A thorough history of OSI was produced by legal historian Judith Feigin[18] of the Justice department in 2006. It concluded that, in addition to having obtained some measure of justice for wartime atrocities, OSI set international standards for prosecuting perpetrators of genocide and made substantial contributions to the historical record that "stand as a permanent and irrefutable response to those who would deny the Holocaust and its horrors." Further, "the message resonating from OSI's cases is that the United States does not choose to add to its populace persons whose actions victimized innocent civilians."[19]

Founding of OSI[edit]

Braunsteiner-Ryan case[edit]

In 1964, it was discovered that Hermine Braunsteiner, a former SS guard in the concentration camps Ravensbrück and Majdanek, was living in the United States. She had met Russel Ryan while he was on holiday in Austria, and she entered the United States in 1959 shortly after their marriage. The case caused an outcry and, as a result, the Special Litigation Unit was set up at the immigration authority. This group was to identify other war criminals from the Nazi-era who lived in the United States. The unit was transferred from INS to the Justice Department in September 1979.[20]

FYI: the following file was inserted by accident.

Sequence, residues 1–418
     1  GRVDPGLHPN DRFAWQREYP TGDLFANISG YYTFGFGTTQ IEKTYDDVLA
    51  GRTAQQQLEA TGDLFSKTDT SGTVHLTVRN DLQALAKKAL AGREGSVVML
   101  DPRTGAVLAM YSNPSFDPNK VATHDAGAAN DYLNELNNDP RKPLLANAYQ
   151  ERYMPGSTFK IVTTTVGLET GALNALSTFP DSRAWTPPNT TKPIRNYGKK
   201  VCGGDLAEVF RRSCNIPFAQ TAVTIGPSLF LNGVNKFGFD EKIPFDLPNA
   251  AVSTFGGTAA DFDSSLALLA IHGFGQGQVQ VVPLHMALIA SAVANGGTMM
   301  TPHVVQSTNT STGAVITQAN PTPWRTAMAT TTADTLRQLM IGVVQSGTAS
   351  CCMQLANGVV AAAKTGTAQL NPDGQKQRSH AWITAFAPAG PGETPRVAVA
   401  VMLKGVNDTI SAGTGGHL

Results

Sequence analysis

Initiative by Congresswoman Elizabeth Holtzman[edit]

New York Congresswoman Elizabeth Holtzman called for and actively promoted strengthening the special unit to prosecute war criminals residing in the United States.[21] The Office of Special Investigations (OSI) was established in 1979 within the US Department of Justice. Its task consisted of processing the accumulated cases and the resumption of the search for war criminals in the United States. The OSI was equipped with broad powers that enabled it to take all necessary steps to accomplish its mission including investigation, litigation, negotiating with foreign governments, and calling for support from other U.S. authorities.

Early leadership[edit]